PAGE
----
MEMORANDUM AND ORDER
MARSH, Chief Judge.
On December 28, 1969, the defendant, Richard Edward Henkel, was arrested by agents of the FBI for robbery of the Keystone Bank for which he had been indicted at the above criminal number on November 7, 1969. The arrest took place at Holiday Inn, West Mifflin, Pennsylvania. Certain articles of personal property were taken from him by the agents. According to the docket,
on March 23, 1970, Henkel presented a motion to suppress physical evidence; on April 9, 1970, after hearing, Judge Weber directed that "all materials seized on 12/28/69 at Holiday Inn, be returned forthwith except 1 hair piece."
Subsequently, on August 24, 1970, Henkel, by his attorney, filed another motion for return of personal property alleging that at the time of his arrest he "had as an item of his own personal property $407.50 worth of United States Savings Stamps" which stamps "were taken by Officer Fred Molzer, a member of the West Mifflin Borough Police Department", and "on December 29, 1969 Officer Molzer turned said savings stamps over to Robert C. MacBrair, a Postal Inspector for the United States Post Office Department". The motion alleged that at the hearing on March 11, 1970 (according to the docket the hearing was held April 9, 1970) "members of the Federal Bureau of Investigation had no knowledge of said savings stamps. That future [sic] investigation has revealed that the Postal Inspector referred to above is the party who received possession of said stamps from Officer Molzer."
The defendant requested only that the Postal Inspector return the stamps, "or the monetary equivalent" to him. No request was made to suppress the stamps as evidence in any criminal prosecution.
A show cause order was served by mail upon the United States Attorney and the Postal Inspector.
No answers were filed by the United States, the Post Office Department or the Postal Inspector.
Presumably, Henkel's motion was filed pursuant to Rule 41(e), Fed. R. Crim. P. However, since no request was made to suppress the savings stamps as evidence prior to the trial of the Keystone Bank robbery, an evidentiary hearing was not held prior to or at that trial.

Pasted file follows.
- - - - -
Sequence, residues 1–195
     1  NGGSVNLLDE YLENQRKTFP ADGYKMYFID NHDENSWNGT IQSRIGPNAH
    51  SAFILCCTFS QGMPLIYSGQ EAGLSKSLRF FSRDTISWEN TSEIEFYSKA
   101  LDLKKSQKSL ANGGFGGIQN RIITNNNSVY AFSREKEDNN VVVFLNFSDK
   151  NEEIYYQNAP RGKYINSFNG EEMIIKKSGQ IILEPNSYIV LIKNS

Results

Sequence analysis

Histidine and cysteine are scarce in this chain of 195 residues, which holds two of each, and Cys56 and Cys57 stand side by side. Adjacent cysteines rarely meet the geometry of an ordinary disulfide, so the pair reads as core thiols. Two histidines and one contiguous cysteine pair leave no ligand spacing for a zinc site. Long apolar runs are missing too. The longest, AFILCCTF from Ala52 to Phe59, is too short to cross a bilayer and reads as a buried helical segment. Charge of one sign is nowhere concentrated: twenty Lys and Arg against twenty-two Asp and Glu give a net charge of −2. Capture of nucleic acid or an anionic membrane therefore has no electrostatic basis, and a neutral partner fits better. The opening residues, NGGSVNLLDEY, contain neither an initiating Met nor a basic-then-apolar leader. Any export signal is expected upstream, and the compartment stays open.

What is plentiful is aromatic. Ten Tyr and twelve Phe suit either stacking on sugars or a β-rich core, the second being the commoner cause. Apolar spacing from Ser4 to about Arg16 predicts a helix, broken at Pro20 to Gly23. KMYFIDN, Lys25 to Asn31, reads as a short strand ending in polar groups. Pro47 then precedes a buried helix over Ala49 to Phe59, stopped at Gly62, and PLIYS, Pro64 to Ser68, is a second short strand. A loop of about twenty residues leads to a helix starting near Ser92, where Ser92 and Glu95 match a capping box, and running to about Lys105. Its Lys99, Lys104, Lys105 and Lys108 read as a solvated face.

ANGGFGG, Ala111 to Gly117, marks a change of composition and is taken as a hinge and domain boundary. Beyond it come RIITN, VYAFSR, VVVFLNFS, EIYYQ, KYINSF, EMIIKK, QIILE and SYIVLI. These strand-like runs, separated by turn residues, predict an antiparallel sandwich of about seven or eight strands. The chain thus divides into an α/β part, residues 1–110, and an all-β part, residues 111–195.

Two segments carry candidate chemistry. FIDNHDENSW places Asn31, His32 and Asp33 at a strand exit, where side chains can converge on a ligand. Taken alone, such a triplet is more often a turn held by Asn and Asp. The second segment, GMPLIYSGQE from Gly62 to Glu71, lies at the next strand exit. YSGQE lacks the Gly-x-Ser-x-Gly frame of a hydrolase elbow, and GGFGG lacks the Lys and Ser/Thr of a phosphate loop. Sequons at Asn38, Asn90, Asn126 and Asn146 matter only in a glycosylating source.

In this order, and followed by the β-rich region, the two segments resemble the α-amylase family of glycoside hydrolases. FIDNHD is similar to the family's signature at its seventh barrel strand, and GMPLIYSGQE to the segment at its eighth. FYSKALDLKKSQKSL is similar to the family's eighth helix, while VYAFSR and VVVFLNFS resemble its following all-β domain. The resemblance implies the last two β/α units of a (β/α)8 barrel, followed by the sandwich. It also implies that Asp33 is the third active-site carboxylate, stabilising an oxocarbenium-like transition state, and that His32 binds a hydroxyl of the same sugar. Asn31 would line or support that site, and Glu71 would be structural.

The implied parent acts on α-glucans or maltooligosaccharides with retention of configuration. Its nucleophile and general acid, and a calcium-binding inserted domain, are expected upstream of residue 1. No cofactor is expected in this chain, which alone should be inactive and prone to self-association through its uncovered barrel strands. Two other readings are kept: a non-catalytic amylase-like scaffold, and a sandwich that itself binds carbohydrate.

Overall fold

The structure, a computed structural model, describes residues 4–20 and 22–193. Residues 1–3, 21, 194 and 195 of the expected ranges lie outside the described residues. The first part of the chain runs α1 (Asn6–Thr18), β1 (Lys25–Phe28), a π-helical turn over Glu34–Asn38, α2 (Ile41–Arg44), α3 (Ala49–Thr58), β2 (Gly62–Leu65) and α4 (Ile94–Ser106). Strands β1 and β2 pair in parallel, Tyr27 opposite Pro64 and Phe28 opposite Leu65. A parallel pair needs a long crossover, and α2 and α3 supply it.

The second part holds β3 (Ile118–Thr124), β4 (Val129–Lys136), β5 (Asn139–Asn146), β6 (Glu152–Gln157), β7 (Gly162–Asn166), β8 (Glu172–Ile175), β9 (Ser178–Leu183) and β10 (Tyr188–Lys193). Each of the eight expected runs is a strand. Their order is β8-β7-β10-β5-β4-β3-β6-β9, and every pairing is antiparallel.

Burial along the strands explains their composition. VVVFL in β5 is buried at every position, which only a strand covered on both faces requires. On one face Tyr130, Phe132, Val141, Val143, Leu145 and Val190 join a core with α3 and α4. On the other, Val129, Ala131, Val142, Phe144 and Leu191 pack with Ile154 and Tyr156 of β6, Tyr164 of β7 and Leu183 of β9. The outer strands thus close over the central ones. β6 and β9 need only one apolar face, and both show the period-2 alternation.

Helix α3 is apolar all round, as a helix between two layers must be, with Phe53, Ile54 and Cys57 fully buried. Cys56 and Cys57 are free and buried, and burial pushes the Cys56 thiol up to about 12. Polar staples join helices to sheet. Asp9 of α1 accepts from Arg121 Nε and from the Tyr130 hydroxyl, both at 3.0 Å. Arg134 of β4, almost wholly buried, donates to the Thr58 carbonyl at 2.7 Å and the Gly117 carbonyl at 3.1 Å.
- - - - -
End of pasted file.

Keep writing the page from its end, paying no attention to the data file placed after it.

On January 5, 1971, an evidentiary hearing was held on the motion. At the hearing it was not proved by Henkel that any FBI agent or other representative of the United States committed any unlawful act in connection with the taking of the stamps from Henkel's possession. It was not shown that the savings stamps were, are or will be evidentiary material in any criminal prosecution completed, on appeal or pending against Henkel.
From the testimony, I find as a fact that Henkel was arrested by agents of the FBI on December 28, 1969 at Holiday Inn, West Mifflin, and that $415.50 worth of United States Savings Stamps in denominations of 10 cents and 25 cents were taken from his possession.
Henkel did not prove by direct evidence that the stamps were taken from his possession by Officer Molzer as alleged in the motion. However, from the hearsay evidence of Postal Inspector MacBrair, to which no objection was made, I find that the stamps taken from Henkel's possession were given to the Inspector by the West Mifflin Police Department, not on December 22, 1969, as the Inspector testified (Tr., p. 25), but subsequent to December 28, 1969, the date of the arrest.
On June 22, 1969, the West Mifflin Post Office was forcibly entered and burglarized of, inter alia, $670 of United States Savings Stamps; $640 of these stamps were in denominations of 10 cents and 25 cents. Henkel was suspected of this burglary, but there is no proof that he was the burglar.
From the evidence I cannot find that the stamps taken from Henkel's possession were the stamps stolen from the West Mifflin Post Office.
Postal Inspector MacBrair retained the stamps until April, 1970, at which time they were destroyed in accordance with instructions of the Post Office Department.
Neither the Inspector nor the Post Office Department received notice that Henkel claimed ownership of the stamps until after Henkel's motion of August 24, 1970 was filed.
Assuming that the stamps were the property of Henkel, since they have been destroyed, I cannot order the Postal Inspector to return them to Henkel as provided by Rule 41(e). Nor does that Rule provide for entry of a judgment against anyone for the value of the stamps. The motion does not allege that the stamps were unlawfully taken from Henkel's possession by any agent or representative of the United States or Post Office Department. If Henkel is entitled to recover the value of his stamps, the burden is on him to find the right court, the right remedy and the right defendant to sue. Cf. Bartlett v. United States, 317 F.2d 71 (9th Cir. 1963), cert. denied, 375 U.S. 847, 84 S. Ct. 102, 11 L. Ed. 2d 75 (1963). I hold he cannot recover their value pursuant to his motion before the court.
This decision, of course, is without prejudice to the right of Henkel to initiate any appropriate legal proceedings to recover a judgment for the value of the stamps.
An appropriate order will be entered.